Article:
University advocates for student aid

By Alyson Jurgovan

Staff Reporter

President Malekzadeh has directly reached out to students urging them to advocate for the Monetary Award Program grant.

“I am asking for your help in keeping this issue top of mind, and providing a greater sense of urgency to resolve the issue,” Malekzadeh says via email.

More than halfway through the year, the State of Illinois has yet to come to an annual budget. For some, this may not seem like much of a crisis, however for the 1,055 students who were awarded the MAP Grant for the 2015/2016 academic year, it is just that.

Justin Provo, Political Affairs Committee Chairperson and Illinois Board of Higher Education Representative, has been reaching out to students on the issue since the beginning of the Fall 2015 semester. He has since used that momentum, along with help from Jennifer Tani, Assistant Vice President of Community Engagement and President Malekzadeh to create an official message advocating to students on a mass scale.

“Students need to get involved in this issue. One thing we’re stressing to students is they need to contact their representatives,” Provo says.

MAP Grant awards can potentially amount to upwards of $4,000. That is an enormous loss for any student that relies on those funds to help them meet tuition needs. The university has graciously been covering the funding for MAP while we await a budget plan.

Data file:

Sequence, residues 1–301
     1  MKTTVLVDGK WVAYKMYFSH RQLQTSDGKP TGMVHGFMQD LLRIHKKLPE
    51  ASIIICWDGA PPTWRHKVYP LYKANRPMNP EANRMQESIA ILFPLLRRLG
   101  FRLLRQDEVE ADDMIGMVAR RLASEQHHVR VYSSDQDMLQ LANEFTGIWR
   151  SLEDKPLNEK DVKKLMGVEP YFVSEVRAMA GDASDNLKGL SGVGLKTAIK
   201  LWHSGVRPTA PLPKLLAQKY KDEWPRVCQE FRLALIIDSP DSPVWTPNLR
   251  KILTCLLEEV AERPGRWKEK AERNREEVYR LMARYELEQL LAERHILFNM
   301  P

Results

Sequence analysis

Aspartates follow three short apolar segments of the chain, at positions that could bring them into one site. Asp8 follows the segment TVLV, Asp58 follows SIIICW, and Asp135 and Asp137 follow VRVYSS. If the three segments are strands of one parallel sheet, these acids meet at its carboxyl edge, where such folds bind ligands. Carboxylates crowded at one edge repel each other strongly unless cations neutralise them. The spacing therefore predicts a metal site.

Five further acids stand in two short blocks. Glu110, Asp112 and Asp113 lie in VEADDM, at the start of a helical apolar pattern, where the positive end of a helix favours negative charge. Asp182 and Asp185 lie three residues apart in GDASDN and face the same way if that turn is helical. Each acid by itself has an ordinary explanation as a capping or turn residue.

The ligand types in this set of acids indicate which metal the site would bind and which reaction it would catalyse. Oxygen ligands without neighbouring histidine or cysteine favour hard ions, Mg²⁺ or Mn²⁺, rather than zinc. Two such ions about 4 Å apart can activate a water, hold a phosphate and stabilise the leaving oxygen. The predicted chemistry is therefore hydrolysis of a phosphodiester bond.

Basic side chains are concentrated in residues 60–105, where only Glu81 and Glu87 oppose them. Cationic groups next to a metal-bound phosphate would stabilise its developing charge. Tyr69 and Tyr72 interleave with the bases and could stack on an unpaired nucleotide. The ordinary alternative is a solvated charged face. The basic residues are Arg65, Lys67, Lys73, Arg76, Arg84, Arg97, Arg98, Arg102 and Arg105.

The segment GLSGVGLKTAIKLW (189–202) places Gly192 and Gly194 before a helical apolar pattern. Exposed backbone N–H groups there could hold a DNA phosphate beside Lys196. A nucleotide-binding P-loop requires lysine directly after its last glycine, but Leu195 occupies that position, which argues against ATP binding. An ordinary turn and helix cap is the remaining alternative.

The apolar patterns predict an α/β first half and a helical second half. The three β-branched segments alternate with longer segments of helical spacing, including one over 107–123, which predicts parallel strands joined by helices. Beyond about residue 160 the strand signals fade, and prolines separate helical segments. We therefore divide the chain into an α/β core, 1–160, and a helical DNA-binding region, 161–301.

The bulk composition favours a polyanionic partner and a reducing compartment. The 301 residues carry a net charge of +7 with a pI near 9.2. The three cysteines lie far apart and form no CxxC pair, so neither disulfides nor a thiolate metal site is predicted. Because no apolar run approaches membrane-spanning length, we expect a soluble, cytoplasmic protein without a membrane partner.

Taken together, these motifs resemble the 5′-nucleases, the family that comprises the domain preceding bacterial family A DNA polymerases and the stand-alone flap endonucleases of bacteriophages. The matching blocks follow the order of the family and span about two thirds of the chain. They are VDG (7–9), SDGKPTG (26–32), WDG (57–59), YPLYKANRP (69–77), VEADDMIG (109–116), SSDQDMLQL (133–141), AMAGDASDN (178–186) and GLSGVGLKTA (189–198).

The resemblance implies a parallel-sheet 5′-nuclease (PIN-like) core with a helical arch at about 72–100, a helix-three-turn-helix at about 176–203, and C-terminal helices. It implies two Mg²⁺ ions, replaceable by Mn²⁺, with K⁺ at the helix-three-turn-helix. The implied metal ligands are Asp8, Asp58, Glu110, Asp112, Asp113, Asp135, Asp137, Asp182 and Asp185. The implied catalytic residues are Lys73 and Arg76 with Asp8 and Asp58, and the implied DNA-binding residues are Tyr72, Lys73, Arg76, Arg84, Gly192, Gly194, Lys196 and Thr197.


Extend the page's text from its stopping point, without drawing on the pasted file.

“We are lucky this year, in that President Ali has agreed to essentially front this semester’s worth of grants. He has made it possible that they are going to take the hit this year. If there is no action taken before this fall, who knows if there will be MAP grants for the next few years to come,” Provo said.

It is imperative for students to take initiative and contact district representatives and even Governor Rauner to advocate for MAP funding. A mere phone call to the district office and/or email to Governor Rauner would make the voices of students heard.

“It doesn’t seem like a crisis because the funds are being covered. We’re trying to encourage the students to reach out so it doesn’t look like the university only wants those funds reimbursed,” Tani said. “We’re trying to do everything we can to protect students until the state figures it out.”



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